One Family's Story Of Japanese Internment In America.
WORDS Mark Takahashi IMAGES Toyo Miyatake
Fear makes people do stupid things. Two months after the Japanese attacked Pearl Harbor in 1941, President Roosevelt issued Executive Order 9066, ordering the relocation and incarceration of persons of Japanese ancestry. Of the almost 120,000 detainees, some two-thirds were American citizens, including my parents, grandparents, uncles and aunts.
My maternal grandfather, Toyo Miyatake, was an artist with a passion for photography. He was one of the more fortunate internees because he had Caucasian friends that held onto his house and business in his absence; most internees lost everything they couldn't carry with them to the relocation camps. He and his family were sent to the Manzanar relocation camp in the desert about 230 miles north of Los Angeles.
He smuggled in a camera lens and sheet film holder and built a box camera out of wood scraps. In secret, Miyatake documented the internment. When he was caught, the camp director was somewhat sympathetic to the Japanese-American plight and allowed him to officially resume his photography. FDR rescinded his Executive Order in 1944, the camps closed in 1945, and the Miyatake family returned to Los Angeles, taking in several other families who had lost all of their possessions.
My paternal grandfather, Seytsu Takahashi, had a much different experience. The American government branded him an enemy alien because of his loose ties to a navy association, his status as a community organizer — he founded a Boy Scout troop — and because he was a Buddhist priest. The FBI picked him up just days after Pearl Harbor and took him to jail. He and other detainees were sent via train to Fort Missoula, Montana, then to Fort Sill in Oklahoma and Fort Livingston, Louisiana. The years were cruel. Rumors circulated that the prisoners would eventually be executed; some committed, or attempted, suicide instead. Glimmers of kindness from the people in power were few and far between.
His pregnant wife, Suzue, and their three children — including my father — were initially housed in a dirty horse stable at Santa Anita Racetrack, then moved to a prison camp in Rohwer, Arkansas. During this time, my grandmother and the government of Spain (a neutral country in the war) petitioned the U.S. to reunite families torn apart by the internment, but to no avail. When their youngest son fell ill, my grandfather was allowed to visit, but only for three days, and he was only permitted to see his son through a window. He came prepared for a funeral, but his son somehow recovered.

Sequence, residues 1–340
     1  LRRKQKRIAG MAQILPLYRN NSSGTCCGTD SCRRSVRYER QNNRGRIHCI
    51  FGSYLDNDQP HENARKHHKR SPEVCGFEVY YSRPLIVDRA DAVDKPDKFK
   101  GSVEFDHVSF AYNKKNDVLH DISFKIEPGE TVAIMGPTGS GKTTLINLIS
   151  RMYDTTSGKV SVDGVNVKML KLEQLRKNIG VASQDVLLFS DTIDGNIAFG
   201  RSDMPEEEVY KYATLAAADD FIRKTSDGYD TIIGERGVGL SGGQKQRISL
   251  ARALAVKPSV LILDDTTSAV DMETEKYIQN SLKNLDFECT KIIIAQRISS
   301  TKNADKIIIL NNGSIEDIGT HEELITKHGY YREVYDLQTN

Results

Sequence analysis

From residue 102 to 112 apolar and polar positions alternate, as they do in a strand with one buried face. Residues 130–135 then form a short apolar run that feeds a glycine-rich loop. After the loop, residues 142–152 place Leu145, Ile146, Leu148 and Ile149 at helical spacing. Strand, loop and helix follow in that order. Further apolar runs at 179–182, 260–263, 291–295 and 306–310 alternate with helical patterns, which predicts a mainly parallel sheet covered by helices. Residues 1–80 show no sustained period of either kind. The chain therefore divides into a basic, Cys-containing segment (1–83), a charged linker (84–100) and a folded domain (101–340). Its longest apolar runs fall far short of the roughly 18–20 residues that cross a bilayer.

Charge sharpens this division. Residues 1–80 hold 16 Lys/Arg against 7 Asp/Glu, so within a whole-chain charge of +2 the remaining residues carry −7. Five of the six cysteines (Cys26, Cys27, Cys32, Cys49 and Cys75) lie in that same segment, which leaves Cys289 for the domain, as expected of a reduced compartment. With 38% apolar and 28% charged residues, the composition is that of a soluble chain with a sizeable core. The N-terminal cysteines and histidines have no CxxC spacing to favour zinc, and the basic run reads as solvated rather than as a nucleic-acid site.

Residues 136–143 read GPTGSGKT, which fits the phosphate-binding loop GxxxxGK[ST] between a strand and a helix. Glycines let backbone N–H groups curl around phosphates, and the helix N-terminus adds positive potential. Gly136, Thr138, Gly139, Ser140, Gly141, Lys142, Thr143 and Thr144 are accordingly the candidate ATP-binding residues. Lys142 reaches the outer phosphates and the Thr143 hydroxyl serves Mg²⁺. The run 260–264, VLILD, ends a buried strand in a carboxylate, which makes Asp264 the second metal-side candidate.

Eventually the whole family was reunited at a camp in Crystal City, Texas, for "high-risk" detainees. It was there my grandfather met his three-year-old youngest daughter for the first time. Life was much more civilized in Crystal City, and the "residents" did their best to establish a sense of normalcy and community, much like those in Manzanar. After the war ended, my grandfather remained an enemy alien and would have been deported if the people in the community hadn’t petitioned in his favor.
The Japanese internment remains a dark period in American history. It was a clear violation of the Fifth Amendment; American citizens — including men who fought in the 442nd Infantry Regiment — were unjustly imprisoned without due process. Despite this, the 442nd went on to become the most decorated unit in the history of American warfare. Let that sink in. Many Japanese American internees credited a saying, Shikata ga nai, for helping them get through this hardship. Loosely translated, it means, "It can't be helped."
Seventy-plus years later, with the clarity of hindsight, it can indeed be helped. Steps — however symbolic — were taken to make reparations, but that is not enough. The actions of Executive Order 9066 were motivated by fear and racism. While we have made great strides in regard to civil rights in recent decades, fear and racism are, sadly, a permanent part of the human condition. As the internment generation fades from view, so too do their voices. It is our responsibility as Americans to stand up to those who twist the truth to perpetuate discrimination and oppression. Otherwise, these struggles will have all been in vain — and the disgrace will be ours to carry.
This article was originally featured in Issue 033 of Iron & Air Magazine.